There is a long history of playing with gender in opera, mostly in the form of “pants roles” for mezzo-sopranos following the decline of castrato roles in the early 1800s. Nonbinary singers like Printz and Canadian Teiya Kasahara are keenly in tune with the possibilities of interpretation in these kinds of parts, though opportunities to play them are relatively few, especially for Kasahara, who is usually cast in a higher voice type.
Printz said they don’t particularly experience dysphoria performing female roles because “I don’t get dysphoria from femininity or masculinity. I can get euphoria from either. Most consistently the bulk of euphoria I get is those at the same time. … I love a full face beat with a mustache, you know?”
What becomes too heavy is depicting one gender in one limited way. The insidious and subtle gender expectations set by simply performing a classic female character bleeds into the rest of Kasahara’s professional life. “What I’m hired to do is so strictly feminine and female … and limited to a certain expression of femininity. … And that feels so coincided [with] who the industry expects me to be when I’m not onstage.”
For some singers, it is not so much the roles themselves that bring about dysphoria but their experiences in rehearsals, dressing rooms, and fittings —the day-to-day functioning of companies. Before lyric baritone Lucas Bouk went on testosterone and changed voice types, he felt trapped in an impossible position. Singing and acting was the one place that felt right and flowed, even if he was portraying women. But once the singing stopped onstage or in the rehearsal room, he often felt he had to dissociate from his body to make it through normal interactions. Bouk said hormone replacement therapy (HRT) did not seem like a viable option for him at that time. “I couldn’t imagine a future in which I could actually be comfortable onstage and offstage.” How can we expect performers to fully show up as artists and professional musicians if they are regularly having to ask themselves how much more of this they can tolerate?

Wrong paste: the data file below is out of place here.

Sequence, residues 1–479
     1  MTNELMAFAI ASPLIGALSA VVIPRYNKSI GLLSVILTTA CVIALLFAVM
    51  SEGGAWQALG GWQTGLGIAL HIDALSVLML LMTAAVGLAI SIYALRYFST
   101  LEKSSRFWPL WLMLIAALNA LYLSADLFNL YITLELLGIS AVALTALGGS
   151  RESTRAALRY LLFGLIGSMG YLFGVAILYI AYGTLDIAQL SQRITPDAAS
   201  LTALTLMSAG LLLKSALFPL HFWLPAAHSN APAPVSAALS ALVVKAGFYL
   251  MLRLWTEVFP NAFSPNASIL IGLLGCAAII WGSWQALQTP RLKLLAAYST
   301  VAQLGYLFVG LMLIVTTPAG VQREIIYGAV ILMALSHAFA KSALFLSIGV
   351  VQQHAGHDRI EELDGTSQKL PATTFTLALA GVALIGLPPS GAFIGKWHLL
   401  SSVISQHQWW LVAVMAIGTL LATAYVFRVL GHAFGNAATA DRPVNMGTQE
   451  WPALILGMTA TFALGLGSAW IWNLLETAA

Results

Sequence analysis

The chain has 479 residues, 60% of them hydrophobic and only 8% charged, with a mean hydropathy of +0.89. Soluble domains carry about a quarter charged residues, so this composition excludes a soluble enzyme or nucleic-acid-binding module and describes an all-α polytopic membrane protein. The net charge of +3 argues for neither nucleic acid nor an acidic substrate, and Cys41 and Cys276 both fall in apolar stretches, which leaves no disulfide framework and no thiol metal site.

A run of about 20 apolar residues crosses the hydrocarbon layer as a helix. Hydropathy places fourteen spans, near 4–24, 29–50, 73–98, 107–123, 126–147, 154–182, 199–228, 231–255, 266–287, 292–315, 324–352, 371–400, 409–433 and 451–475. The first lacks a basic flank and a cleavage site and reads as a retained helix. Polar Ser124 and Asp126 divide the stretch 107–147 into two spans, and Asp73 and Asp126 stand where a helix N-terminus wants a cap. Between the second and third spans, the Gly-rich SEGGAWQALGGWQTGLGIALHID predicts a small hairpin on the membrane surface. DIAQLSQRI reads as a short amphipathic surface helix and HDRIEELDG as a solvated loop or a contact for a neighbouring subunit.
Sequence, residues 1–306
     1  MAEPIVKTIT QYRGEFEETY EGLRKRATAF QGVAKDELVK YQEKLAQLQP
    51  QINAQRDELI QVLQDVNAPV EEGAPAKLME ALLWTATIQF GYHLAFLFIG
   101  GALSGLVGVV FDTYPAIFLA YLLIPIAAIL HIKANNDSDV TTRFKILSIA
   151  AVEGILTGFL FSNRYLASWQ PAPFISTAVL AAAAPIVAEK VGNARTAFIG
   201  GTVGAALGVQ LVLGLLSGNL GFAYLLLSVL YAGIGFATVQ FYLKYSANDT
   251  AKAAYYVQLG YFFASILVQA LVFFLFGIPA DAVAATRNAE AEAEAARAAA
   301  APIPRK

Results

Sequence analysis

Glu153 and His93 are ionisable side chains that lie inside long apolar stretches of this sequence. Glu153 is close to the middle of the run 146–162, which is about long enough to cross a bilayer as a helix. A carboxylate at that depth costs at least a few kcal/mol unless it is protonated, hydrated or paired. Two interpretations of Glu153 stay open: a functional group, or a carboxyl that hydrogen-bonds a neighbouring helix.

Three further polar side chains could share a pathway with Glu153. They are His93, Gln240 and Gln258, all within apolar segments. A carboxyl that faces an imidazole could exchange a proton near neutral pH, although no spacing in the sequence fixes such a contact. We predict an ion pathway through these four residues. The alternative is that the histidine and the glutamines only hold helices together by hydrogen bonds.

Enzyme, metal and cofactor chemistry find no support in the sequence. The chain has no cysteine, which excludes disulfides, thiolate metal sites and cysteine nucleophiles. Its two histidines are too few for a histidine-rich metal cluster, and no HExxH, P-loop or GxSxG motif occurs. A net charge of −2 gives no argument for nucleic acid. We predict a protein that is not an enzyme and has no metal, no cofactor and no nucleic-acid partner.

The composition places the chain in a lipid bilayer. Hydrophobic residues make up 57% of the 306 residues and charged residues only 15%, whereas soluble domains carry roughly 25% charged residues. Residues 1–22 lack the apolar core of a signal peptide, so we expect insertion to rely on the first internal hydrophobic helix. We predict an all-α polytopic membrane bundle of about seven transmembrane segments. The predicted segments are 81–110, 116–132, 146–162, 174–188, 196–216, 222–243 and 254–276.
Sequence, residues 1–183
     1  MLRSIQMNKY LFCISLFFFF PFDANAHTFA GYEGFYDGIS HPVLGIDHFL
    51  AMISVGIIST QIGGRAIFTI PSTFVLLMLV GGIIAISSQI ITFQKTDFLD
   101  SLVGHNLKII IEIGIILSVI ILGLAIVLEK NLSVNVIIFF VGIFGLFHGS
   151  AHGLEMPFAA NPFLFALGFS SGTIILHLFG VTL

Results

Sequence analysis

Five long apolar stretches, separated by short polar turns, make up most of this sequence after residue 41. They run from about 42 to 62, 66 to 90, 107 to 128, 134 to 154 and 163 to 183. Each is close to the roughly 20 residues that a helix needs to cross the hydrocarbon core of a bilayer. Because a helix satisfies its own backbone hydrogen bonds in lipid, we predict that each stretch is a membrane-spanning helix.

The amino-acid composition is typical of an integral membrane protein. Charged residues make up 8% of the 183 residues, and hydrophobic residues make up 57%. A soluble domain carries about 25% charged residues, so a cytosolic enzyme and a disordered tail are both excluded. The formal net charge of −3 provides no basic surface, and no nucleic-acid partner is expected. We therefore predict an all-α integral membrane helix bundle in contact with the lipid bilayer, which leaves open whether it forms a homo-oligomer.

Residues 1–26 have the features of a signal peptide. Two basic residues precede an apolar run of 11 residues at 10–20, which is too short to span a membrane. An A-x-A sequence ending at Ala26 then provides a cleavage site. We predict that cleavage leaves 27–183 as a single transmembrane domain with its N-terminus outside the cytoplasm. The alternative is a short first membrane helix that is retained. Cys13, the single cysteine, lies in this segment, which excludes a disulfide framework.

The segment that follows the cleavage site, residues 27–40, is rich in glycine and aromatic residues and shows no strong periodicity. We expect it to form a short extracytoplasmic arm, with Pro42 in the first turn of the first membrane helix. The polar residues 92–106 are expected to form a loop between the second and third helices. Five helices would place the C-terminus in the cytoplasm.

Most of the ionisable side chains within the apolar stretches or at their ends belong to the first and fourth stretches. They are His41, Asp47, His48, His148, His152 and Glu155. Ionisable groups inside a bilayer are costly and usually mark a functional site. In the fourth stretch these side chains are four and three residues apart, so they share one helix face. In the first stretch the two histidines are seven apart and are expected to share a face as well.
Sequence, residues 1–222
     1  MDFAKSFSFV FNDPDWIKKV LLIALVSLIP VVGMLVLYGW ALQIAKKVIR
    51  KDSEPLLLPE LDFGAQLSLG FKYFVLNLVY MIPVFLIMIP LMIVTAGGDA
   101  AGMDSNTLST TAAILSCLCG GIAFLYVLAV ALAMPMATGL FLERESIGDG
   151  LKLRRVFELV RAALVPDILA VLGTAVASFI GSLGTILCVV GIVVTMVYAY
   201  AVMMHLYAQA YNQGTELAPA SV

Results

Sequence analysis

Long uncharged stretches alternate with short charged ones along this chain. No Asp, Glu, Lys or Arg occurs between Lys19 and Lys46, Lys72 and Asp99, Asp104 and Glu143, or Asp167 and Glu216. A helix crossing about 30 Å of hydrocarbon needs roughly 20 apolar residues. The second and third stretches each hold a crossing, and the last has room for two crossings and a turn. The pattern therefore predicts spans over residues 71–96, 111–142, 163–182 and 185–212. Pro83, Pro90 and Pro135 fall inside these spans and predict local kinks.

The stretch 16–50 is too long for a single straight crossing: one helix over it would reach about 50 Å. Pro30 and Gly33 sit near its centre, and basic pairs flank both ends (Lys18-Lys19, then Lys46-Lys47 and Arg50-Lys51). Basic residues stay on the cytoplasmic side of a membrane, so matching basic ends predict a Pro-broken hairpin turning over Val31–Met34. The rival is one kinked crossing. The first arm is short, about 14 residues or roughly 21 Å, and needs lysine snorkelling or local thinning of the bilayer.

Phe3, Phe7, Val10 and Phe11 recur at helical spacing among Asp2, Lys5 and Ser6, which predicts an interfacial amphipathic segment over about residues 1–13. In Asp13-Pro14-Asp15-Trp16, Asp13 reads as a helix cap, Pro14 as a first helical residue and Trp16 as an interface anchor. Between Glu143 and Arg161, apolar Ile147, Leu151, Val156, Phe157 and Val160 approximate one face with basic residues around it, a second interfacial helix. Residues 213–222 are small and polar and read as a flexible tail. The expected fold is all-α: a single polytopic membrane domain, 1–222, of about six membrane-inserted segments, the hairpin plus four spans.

There is a slowly crumbling myth that testosterone, taken for medical transition, will destroy a person’s singing voice. Kasahara, who is trans-masculine and uses they/them pronouns, admits that going on T has often been framed for them as a “one-way door.”
Bouk is one of a growing number of trans-masculine singers who have retrained as a different voice type after medical transition. For three years after coming out, he was convinced that he wouldn’t have the time to take off in order to retrain a changing voice and relegated HRT to some distant future. But when the world shut down in 2020, he suddenly had that time and made a leap of faith. Aided by a patron who had been following his 10-year career as a mezzo-soprano, Bouk was able to study extensively with two mentors as his voice changed. Supportive and flexible training allowed him to make his debut as a baritone five short months after his voice changed.
But it was a harrowing journey. At one time, Bouk had four functioning octaves. Two months later, he was down to one. But with infectious brightness, he explained, “I tried to keep a lighthearted, kind of curious approach to the whole thing as well. Because otherwise, if I sat and judged myself, I would have never moved forward.” Bouk recognizes that his return to work has been aided by a good professional reputation, as well as incredibly good fortune in being funded. He was the only one of the singers I spoke to who talked about how changes in medical insurance policies could make the careers of trans singers more viable — by completely covering vocal therapy as part of the HRT process.